Split is the second-largest city in Croatia, and the biggest on the Dalmatia coast. If you are heading to Split via a cruise, road tripping the Balkans, or staying for an extended period of time – we got you covered with an easy-to-follow itinerary, plus ideas for day trips from Split.
One day in Split Itinerary: City highlights & hidden gems
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Is one day in Split enough?
In order to explore Split’s historical landmarks, one day is good enough. As you follow this itinerary, you will see how effortlessly you can reach all the iconic attractions on foot, with some extra time for a short hike or walk to the beach.
We have included 2 itinerary samples so that you can modify it based on your interests. This post also includes day trips from Split, if you are extending your stay.
Arriving in Split for one day itinerary
The Riva Promenade is the most important point in the city of Split (aside from the 1700 Roman old town heritage) for transport and sightseeing. It is the seafront promenade of the city.
Once you arrive at the promenade the old town attractions are just a few steps away; this is where the cruise liners dock and the central bus station also is located nearby.
- Bus: There are tons of buses available from Croatia or nearby Balkan states to Split. Some routes can be longer than others and may involve border crossings (if traveling from outside of Croatia or from further south like Dubrovnik). It is an affordable mode of transport, safe and reliable. We highly recommend booking tickets online to save money and secure your reservation. Consider carrying a printed copy as most bus operators might request it.
- Road trip/drive: Split is an awesome road trip stop from north to the southern part of Croatia. From Mostar and Sarajevo (cities in Bosnia and Herzegovina), you can easily road trip/drive to Split. Ensure you let the car rental agency know about your travel plans, as additional fees may apply. Note there will be additional time required at the border crossing.
- Flying: Split Airport, also known as Resnik Airport serves the city of Split and Trogir. The airport is about 19 km from the city centre.
Split Riva Promenade
The Riva is the seafront promenade – pedestrian heaven, lined with cafes and restaurants. It is an amazing place to start and end your one day in Split itinerary. So, mark this spot for dinner and drinks in the evening.
It literally is the living room of the city of Split. You can meet people, ride a bike, stroll, take in sea views, eat and drink and feel the vibrant spirit of Split!
Walking tour of the Old City Split
Once you arrive at the Riva Promenade, without further ado, start exploring.
Stroll and wander the well preserved old town of Split with edifices from the Roman and Venetian area. As you walk the old squares, shop or window shop local goods, stop for snacks or photos.
There are guided walking tours of 1 – 2 hours in duration to explore the historic old town. Click to view this highly recommended walking tour
If you wish to explore on your own, grab a sightseeing map from the Riva – Tourist Board Centre.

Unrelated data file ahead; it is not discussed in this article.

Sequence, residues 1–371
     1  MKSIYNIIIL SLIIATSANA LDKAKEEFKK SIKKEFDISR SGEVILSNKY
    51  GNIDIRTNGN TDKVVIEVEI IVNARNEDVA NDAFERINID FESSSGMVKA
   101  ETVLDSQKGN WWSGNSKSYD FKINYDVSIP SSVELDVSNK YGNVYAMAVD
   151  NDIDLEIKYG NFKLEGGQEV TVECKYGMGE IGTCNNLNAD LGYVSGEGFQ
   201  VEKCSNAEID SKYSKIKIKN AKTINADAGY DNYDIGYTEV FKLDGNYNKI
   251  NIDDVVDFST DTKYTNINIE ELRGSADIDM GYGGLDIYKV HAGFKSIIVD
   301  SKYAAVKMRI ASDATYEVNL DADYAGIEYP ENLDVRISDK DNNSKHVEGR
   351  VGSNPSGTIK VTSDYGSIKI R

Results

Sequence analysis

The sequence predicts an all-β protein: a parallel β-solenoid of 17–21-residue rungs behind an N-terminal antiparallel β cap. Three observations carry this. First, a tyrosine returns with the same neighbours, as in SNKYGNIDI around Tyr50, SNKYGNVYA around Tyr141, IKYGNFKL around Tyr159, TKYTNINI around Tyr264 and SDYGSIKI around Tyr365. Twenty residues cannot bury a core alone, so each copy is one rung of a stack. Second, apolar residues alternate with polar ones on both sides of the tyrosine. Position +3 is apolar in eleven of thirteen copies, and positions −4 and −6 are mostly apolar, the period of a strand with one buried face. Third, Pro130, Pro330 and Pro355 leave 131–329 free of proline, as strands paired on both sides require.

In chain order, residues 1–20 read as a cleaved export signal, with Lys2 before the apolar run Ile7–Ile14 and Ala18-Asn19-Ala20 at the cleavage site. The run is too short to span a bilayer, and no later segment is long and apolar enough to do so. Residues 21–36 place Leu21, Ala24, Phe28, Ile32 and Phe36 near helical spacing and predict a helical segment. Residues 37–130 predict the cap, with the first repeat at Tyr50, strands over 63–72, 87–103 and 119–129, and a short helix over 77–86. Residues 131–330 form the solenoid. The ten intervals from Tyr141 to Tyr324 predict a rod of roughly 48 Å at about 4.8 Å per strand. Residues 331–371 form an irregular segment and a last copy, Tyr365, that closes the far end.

Pusti me da prodjem or ‘Let me pass’ lane
Split old town has tiny cobblestoned lanes. We found them to be pretty, and so well maintained. But they could get overcrowded during peak seasons and may not be that fun navigating it.
It is impossible to lose your way, whichever exit you take you will find old town gems. Note they may not be that comfortable if you are carrying luggage or stroller.
Diocletian’s Palace is probably the MOST recognizable image of Split globally. It stands mighty tall in the middle of Split’s historic core.
You can enter the Palace from multiple gates, but from the Riva promenade, it is the most easily accessible by the Bronze Gate entrance. As soon as you can spot the columns, you will be mesmerized at the grand structure and sphinxes!
(The Palace is spread over 31000 square meters, and has 4 gates – iron, bronze, gold, and silver.)
Diocletian’s Palace is a stunningly well-preserved 4th-century Roman architectural complex. Although popularly known as the ‘palace’, it was actually a summer retreat for Emperor Diocletian. There are only a few apartment rooms that were partially restored. There is a vestibule leading to the cellar at the palace.
Diocletian’s Palace was once upon a time adorned with 3500-year-old graphite sphinxes, today you can only find 3 of them. The one in front of Jupiter’s Temple will definitely catch your attention.
Two of them are on the square, and another one is stored in the Split City Museum.
As you can see, many of its features and structures have been preserved for centuries, and today is listed as a UNESCO World Heritage site (listed since 1979). The popular sitcom Game of Thrones was shot here. You can also take a GoT inspired guided tour in Split.
Split City Museum
Located in the northeastern part of the Palace, Split City museum showcases paintings, sculptures, and weapons from the 12th to 14th centuries. It is featured in a medieval Renaissance complex with a beautiful courtyard where many artifacts are staged/displayed.
Located right in front of the Diocletian’s Palace is the Peristil Square. This was a Roman court in the old days. This is a perfect spot to photograph the palace itself.
You can enjoy a drink or two at the Luxor cafe, soaking the sun on the square steps and admiring the Diocletian’s Palace.
Temple of Jupiter
Dedicated to the Ancient Roman god Jupiter, the Temple of Jupiter is located in the western part of Diocletian’s Palace. Today it is the cathedral’s baptistery area, and it has maintained its original shape and grandeur.
Cathedral of Saint Domnius
The Cathedral of Saint Domnius is another best-preserved Roman structure in Split. It is the seat of the Archdiocese of Split-Makarska, headed by Archbishop Marin Barišić.
The octagonal bell tower is the city’s iconic symbol. You would notice the Campanile of the Cathedral from the Riva.
The cathedral was built in 305 CE as the Mausoleum of Diocletian. The Cathedral, the treasures, the bell tower, and the crypt are open for visitors. Entry fee 25 kunas.
The People’s Square or the Pjaca
On the west end of the Peristyle, is the huge Pjaca or the People’s Square. At this square, you will see the stunning intermixed of Renaissance, Venetian, and Gothic architectural buildings.
At the square, you will find the Ethnographic Museum of Split, Town Hall – Gradska vijećnica (built in Renaissance style), and many open cafes!
The square is home to a Romanesque clock (similar to Dubrovnik), which has been functioning for centuries with a medieval sundial in front of a larger, older belfry. The square and every building standing on the Pjaca has a story to tell and is a testimony of its historical existence.
Statue of Grgur Ninski or Gregory of Nin and Golden Gate